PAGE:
Vioxx (rofecoxib)Company: Merck
Approval Status: Approved April 2002 -- UPDATED: WITHDRAWN OCTOBER 2004
Treatment for: Rheumatoid arthritis
Areas: Musculoskeletal; Rheumatology
Vioxx is a nonsteroidal anti-inflammatory drug that inhibits cyclooxygenase-2 (COX-2). The COX-2 enzyme controls the conversion of arachidonic acid into prostaglandin E2, a hormone that produces inflammation.
Vioxx has most recently been approved for the relief of the signs and symptoms of rheumatoid arthritis in adults. The drug was initially approved in 1999 for the relief of osteoarthritis, the management of acute pain in adults, and the treatment of primary dysmenorrhea (menstrual pain).
Vioxx is available as a tablet or in a liquid formulation.
UPDATED: WITHDRAWN OCTOBER 2004
Vioxx was evaluated as an effective treatment for rheumatoid arthritis (RA) in two 12-week, placebo- and active-controlled trials that included approximately 2,000 subjects. Results demonstrated that Vioxx was superior to a placebo in the following measurements: number of tender joints, number of swollen joints, and patient and physician global assessments of disease activity. Additionally, Vioxx was more effective than placebo according to the American College of Rheumatology 20% (ACR20) Responder Index. In terms of the active control, Vioxx 25 mg once daily was generally similar to naproxen 500 mg twice daily in the treatment of RA.
Vioxx was evaluated in placebo- and active-controlled trials for the treatment of osteoarthritis (OA) of the knee and hip. The trials enrolled approximately 3,900 OA subjects and were six to 86 weeks in duration. Treatment with Vioxx 12.5 mg and 25 mg once daily produced improvement in patient and physician global assessments and in the WOMAC (Western Ontario and McMaster Universities) osteoarthritis questionnaire. In all OA clinical studies, once-daily treatment in the morning with Vioxx 12.5 mg and 25 mg was associated with a significant reduction in joint stiffness upon first awakening in the morning. Additionally, Vioxx (at 12.5 mg and 25 mg doses) was shown to be comparable to ibuprofen 800 mg TID and diclofenac 50 mg TID in the treatment of the signs and symptoms of OA.
Analgesia/Pain Relief (including Dysmenorrhea)
Vioxx was shown to relieve pain in acute analgesic models of post-operative dental pain, post-orthopedic surgical pain, and primary dysmenorrhea. The effect of a single 50-mg dose of Vioxx in providing pain relief was generally similar to 550 mg of naproxen sodium or 400 mg of ibuprofen. A single 50-mg dose of Vioxx produced an onset of pain relief within 45 minutes in single-dose post-operative dental pain studies. In a multiple-dose study of post-orthopedic surgical pain, subjects received Vioxx or a placebo for up to five days. Study results demonstrated that 50 mg of Vioxx once daily was effective in reducing pain, and Vioxx-treated subjects took a significantly smaller amount of additional pain medication than subjects treated with placebo.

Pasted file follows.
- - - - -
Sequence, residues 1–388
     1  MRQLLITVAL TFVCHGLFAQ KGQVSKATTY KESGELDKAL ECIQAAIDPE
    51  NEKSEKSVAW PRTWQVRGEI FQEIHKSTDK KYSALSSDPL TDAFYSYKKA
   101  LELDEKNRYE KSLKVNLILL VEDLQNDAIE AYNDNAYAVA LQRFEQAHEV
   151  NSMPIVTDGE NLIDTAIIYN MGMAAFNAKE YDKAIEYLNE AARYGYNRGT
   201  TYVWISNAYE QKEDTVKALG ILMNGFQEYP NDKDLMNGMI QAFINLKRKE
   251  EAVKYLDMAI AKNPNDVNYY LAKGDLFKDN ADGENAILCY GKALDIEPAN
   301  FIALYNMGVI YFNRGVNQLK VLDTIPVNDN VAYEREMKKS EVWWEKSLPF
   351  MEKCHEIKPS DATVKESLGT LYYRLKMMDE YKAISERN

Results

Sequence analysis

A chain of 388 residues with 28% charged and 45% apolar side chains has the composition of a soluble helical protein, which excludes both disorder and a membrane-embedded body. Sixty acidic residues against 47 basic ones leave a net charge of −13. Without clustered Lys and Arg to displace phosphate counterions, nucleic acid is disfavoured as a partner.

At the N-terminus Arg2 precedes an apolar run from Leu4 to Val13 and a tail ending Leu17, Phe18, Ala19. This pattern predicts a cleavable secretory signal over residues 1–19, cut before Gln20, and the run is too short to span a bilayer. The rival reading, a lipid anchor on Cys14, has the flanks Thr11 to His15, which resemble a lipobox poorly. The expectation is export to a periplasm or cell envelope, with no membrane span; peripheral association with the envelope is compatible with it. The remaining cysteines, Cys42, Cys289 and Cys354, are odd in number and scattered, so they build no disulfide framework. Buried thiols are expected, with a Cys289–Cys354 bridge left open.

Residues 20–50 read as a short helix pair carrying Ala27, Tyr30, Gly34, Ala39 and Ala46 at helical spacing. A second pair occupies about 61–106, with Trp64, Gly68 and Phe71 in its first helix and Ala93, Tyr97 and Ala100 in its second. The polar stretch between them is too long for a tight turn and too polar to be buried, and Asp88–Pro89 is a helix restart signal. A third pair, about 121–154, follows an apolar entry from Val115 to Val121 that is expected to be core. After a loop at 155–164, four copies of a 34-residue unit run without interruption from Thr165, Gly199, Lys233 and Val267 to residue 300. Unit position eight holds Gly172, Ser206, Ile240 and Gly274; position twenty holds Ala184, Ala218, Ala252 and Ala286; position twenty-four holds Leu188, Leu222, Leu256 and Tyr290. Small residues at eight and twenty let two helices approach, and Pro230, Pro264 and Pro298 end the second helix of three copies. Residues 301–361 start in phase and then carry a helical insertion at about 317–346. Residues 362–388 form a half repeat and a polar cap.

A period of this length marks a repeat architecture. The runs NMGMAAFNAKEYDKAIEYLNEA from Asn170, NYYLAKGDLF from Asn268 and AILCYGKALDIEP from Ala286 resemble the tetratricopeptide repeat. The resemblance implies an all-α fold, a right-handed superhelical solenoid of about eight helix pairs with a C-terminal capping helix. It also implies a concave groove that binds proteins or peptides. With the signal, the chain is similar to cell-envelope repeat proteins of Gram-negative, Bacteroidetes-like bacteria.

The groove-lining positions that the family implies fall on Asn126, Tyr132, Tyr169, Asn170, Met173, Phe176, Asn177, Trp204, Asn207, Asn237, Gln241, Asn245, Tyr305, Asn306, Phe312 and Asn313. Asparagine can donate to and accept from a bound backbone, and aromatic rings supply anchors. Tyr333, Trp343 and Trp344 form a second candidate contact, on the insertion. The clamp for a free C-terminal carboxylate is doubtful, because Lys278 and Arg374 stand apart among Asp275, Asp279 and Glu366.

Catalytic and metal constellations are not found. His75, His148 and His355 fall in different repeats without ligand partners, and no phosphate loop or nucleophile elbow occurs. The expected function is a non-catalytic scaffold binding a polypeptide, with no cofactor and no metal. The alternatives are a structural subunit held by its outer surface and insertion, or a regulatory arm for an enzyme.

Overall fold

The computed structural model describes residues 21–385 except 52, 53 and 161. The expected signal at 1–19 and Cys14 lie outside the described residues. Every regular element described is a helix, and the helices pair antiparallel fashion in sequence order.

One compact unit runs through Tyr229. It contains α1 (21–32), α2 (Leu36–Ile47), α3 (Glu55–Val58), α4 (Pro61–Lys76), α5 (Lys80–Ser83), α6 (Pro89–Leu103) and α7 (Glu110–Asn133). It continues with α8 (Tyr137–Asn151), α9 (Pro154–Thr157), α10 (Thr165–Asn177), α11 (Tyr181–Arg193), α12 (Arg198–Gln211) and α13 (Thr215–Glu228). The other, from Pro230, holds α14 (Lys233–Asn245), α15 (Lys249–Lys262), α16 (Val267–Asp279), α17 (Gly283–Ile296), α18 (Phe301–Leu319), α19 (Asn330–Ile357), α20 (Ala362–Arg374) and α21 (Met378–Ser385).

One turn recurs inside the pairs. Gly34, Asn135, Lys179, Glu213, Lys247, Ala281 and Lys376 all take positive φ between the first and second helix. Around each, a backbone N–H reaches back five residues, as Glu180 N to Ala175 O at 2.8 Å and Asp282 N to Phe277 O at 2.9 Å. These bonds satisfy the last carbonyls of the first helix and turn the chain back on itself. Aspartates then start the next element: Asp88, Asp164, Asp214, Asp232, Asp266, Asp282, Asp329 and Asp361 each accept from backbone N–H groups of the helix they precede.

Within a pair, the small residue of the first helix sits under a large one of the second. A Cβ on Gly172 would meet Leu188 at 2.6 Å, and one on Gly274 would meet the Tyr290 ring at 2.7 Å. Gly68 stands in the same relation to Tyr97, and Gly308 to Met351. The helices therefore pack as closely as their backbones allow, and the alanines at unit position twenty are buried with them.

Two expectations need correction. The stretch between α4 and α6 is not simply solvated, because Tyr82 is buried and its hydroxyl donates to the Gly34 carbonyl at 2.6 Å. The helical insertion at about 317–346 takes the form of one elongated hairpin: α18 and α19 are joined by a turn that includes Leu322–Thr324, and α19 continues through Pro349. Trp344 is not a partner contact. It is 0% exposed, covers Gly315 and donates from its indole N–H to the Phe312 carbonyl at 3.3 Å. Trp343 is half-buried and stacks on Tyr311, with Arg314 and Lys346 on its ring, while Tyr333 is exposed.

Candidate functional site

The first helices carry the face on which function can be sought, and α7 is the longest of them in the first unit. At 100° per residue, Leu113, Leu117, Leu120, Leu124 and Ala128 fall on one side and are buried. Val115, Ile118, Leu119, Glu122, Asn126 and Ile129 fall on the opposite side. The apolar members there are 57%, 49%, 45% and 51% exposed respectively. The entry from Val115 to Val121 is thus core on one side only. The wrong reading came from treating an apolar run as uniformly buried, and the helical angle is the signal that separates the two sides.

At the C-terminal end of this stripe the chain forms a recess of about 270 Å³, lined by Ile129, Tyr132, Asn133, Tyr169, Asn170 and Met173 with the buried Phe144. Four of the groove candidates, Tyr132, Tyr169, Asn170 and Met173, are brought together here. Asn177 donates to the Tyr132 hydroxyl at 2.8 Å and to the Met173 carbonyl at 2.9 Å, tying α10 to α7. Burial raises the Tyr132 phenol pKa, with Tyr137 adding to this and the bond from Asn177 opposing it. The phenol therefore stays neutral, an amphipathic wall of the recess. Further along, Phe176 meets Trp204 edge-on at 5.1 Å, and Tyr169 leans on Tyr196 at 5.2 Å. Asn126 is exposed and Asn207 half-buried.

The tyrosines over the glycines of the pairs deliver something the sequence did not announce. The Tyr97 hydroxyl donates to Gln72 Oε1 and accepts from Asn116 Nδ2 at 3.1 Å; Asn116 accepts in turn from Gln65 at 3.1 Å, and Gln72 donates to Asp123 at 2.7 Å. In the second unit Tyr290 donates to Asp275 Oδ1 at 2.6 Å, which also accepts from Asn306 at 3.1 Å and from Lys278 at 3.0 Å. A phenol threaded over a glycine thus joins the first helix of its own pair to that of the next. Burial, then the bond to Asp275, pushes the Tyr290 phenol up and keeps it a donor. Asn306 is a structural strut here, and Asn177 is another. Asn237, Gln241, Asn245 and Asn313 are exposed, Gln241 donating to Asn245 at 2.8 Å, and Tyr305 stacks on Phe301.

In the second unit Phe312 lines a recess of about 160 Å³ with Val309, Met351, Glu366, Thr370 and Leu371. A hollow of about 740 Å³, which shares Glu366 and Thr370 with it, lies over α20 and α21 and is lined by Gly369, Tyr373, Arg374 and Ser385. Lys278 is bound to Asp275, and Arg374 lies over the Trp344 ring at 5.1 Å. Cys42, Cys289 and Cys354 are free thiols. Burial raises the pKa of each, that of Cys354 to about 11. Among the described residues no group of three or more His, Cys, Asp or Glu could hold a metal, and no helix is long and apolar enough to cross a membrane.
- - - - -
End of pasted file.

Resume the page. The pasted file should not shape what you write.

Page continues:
Side effects reported with Vioxx have included (but are not limited to) the following:
- Upper respiratory infection
- Back pain
- Urinary tract infection
Additionally, rare but serious side effects have been reported in patients receiving Vioxx and/or related medications. These include stomach problems, such as stomach and intestinal bleeding, heart attacks, allergic reactions and skin reactions.
Mechanism of Action
Vioxx is a nonsteroidal anti-inflammatory drug (NSAID) that exhibits anti-inflammatory, analgesic, and antipyretic activities in animal models. The mechanism of action of Vioxx is believed to be due to inhibition of prostaglandin synthesis, via inhibition of cyclooxygenase-2 (COX-2). At therapeutic concentrations in humans, Vioxx does not inhibit the cyclooxygenase-1 (COX-1) isoenzyme. (from Vioxx Prescribing Information)
For additional information on Vioxx, please visit the product web site at www.vioxx.com.
Vioxx Drug Information
The Vioxx drug information shown above is licensed from Thomson CenterWatch. The information provided here is for general educational purposes only and does not constitute medical or pharmaceutical advice which should be sought from qualified medical and pharmaceutical advisers.